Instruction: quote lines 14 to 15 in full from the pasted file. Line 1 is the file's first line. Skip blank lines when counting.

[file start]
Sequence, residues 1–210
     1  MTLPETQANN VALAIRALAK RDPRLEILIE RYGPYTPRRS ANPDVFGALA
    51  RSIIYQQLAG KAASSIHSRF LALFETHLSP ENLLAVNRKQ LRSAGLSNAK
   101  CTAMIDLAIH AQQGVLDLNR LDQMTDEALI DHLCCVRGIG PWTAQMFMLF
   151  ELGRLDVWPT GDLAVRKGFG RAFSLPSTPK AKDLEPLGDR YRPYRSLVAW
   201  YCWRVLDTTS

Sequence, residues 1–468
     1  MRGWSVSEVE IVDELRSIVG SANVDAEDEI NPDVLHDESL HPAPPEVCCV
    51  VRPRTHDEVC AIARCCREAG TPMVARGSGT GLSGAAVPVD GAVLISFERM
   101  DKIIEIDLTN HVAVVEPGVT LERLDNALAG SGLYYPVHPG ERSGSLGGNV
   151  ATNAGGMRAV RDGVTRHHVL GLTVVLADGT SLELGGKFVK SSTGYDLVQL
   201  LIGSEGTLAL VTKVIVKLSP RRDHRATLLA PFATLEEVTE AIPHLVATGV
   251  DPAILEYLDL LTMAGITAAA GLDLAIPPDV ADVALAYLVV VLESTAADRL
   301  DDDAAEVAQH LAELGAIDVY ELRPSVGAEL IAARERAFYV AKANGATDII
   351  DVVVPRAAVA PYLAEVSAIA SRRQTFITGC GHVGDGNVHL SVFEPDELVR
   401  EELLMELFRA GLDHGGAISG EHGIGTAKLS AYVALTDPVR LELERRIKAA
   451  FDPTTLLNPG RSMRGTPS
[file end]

   301  DDDAAEVAQH LAELGAIDVY ELRPSVGAEL IAARERAFYV AKANGATDII
   351  DVVVPRAAVA PYLAEVSAIA SRRQTFITGC GHVGDGNVHL SVFEPDELVR